This is the week for wildlife encounters. While cycling yesterday we watched a hawk swoop down and grab its prey. Moments later the hawk flew away with a smallish (ca 12-14 “) snake in its talons and making its shrill cry. It landed on a nearby rooftop where it enjoyed its catch. I’m sure this kind of thing warms the heart of any homeowner lucky enough to host  the feast.

Fledgeling Vulture in Cave (Copyright 2009 all rights reserved)

Fledgeling Vulture in Cave (Copyright 2009 all rights reserved)

This morning we climbed to a cave along a cliff face (on private land) to see a vulture nesting site.  The cave was in the Fountain sandstone formation and was situated a good 4-500 ft above the roadway. The mother vulture was not present, but the two fledglings were in the cave. I say fledgeling, but I doubt that these young ones have flown yet.  According to the land owner who has been carefully and quietly observing their progress, the youngsters have not yet flown.

Not seeing the young birds from a distance, we slowly climbed toward the cave entrance long enough to grab some snapshots.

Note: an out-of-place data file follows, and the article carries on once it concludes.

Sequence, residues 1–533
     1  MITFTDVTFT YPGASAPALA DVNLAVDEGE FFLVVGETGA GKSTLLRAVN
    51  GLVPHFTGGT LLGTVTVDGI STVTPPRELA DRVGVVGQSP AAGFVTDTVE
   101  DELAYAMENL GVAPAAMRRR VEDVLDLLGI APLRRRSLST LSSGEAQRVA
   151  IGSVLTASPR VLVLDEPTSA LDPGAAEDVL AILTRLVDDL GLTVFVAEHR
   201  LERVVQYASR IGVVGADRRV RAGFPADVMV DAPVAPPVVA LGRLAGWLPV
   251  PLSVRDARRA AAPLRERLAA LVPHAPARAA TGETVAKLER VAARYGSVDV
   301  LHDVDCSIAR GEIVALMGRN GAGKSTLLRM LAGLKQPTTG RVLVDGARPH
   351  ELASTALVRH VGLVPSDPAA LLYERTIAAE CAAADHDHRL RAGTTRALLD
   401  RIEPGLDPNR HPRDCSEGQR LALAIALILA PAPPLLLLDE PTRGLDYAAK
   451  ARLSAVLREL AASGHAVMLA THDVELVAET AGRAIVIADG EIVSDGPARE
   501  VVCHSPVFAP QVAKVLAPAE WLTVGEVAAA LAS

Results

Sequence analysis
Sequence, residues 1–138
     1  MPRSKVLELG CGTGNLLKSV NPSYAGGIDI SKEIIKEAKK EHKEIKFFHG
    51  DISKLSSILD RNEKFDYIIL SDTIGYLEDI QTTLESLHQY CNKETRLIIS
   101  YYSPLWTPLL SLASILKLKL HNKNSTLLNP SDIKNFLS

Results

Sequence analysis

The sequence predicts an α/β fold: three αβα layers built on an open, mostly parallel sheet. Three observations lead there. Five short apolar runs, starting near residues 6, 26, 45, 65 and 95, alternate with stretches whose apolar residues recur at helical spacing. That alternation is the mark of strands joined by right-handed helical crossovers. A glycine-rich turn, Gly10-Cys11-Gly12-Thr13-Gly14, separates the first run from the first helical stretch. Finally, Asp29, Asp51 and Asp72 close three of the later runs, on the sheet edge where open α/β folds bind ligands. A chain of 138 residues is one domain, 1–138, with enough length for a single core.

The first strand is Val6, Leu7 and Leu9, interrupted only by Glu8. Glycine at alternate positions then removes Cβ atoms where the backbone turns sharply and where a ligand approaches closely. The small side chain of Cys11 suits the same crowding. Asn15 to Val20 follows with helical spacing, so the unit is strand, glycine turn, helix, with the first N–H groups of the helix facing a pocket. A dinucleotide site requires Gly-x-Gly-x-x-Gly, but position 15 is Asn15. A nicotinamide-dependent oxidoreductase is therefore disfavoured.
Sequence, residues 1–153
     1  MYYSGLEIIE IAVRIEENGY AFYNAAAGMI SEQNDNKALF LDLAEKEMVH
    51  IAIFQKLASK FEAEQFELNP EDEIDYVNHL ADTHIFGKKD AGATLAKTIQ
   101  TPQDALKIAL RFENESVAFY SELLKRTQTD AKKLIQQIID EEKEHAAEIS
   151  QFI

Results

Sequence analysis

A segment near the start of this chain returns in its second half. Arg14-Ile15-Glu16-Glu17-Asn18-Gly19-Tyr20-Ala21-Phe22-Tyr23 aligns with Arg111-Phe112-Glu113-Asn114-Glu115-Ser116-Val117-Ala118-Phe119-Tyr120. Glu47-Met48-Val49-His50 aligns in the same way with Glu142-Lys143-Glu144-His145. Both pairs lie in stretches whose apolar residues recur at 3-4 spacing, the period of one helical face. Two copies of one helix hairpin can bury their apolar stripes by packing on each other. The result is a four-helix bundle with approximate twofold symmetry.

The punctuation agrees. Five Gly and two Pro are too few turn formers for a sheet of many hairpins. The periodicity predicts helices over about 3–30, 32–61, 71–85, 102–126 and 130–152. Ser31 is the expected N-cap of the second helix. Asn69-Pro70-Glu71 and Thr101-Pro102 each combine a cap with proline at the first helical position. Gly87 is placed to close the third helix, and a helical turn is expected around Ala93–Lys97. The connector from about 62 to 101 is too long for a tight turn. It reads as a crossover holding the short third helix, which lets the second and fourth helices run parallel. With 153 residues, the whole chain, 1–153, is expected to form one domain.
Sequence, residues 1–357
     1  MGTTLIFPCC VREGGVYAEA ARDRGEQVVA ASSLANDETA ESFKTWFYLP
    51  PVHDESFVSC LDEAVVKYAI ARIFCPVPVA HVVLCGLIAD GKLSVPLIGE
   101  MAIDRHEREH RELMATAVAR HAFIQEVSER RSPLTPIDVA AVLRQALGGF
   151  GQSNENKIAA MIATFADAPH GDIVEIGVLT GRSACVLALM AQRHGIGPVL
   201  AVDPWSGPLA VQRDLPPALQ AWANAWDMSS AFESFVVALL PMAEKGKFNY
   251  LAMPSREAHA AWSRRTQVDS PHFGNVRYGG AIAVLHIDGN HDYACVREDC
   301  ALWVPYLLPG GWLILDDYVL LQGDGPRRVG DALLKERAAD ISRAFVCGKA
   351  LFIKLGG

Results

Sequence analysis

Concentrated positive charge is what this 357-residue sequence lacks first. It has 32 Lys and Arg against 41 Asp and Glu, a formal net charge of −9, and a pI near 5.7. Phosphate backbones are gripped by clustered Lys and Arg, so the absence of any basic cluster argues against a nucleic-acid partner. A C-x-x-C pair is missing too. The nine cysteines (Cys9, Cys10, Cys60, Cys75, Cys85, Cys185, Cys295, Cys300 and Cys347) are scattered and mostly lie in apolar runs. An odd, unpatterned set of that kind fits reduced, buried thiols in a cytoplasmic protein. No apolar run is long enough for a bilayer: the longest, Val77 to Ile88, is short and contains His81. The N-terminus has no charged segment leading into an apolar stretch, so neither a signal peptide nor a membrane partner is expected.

The cave is actually a covered crevice that derives from a dislocated sandstone slab which quickly narrows to a very small cross section. With the camera flash, a photo of the young birds was captured in the dark recesses. This is rattlesnake country so we were not eager to venture too deep or linger in this crevice. The property owner mentioned finding a ball of rattlers under a rock partway down the hill. We had no interest in uncovering our own ball of rattlesnakes.

The young birds still had some of their down. This top photo was taken from ca 3 meters distance. Shortly after this photo the bird scrambled into the deeper recesses and out of sight. They make a curious hissing noise which is surely a sign of distress.

Buzzard Cave Entrance near Loveland, Colorado

Buzzard Cave Entrance near Loveland, Colorado

 

Fountain Formation near Loveland

Fountain Formation near Loveland

The buzzard cave was found in the red sandstone of the Fountain formation, west of Loveland, Colorado. The Fountain Formation is the deepest of the sedimentary formations along the Colorado Front Range. It is seen only along the western margin of the Great Plains here owing to the uplifting effect of mountain building. In fact, this sandstone formation consists of the eroded debris of a previous iteration of the Colorado Rocky Mountains. The present iteration is often referred to as the Laramide Orogeny.

The photo above shows both the sandstone of the Fountain Formation in the foreground and in the upper left, in the background, the uplifted plutonic rock formation consisting of gneiss and schist.

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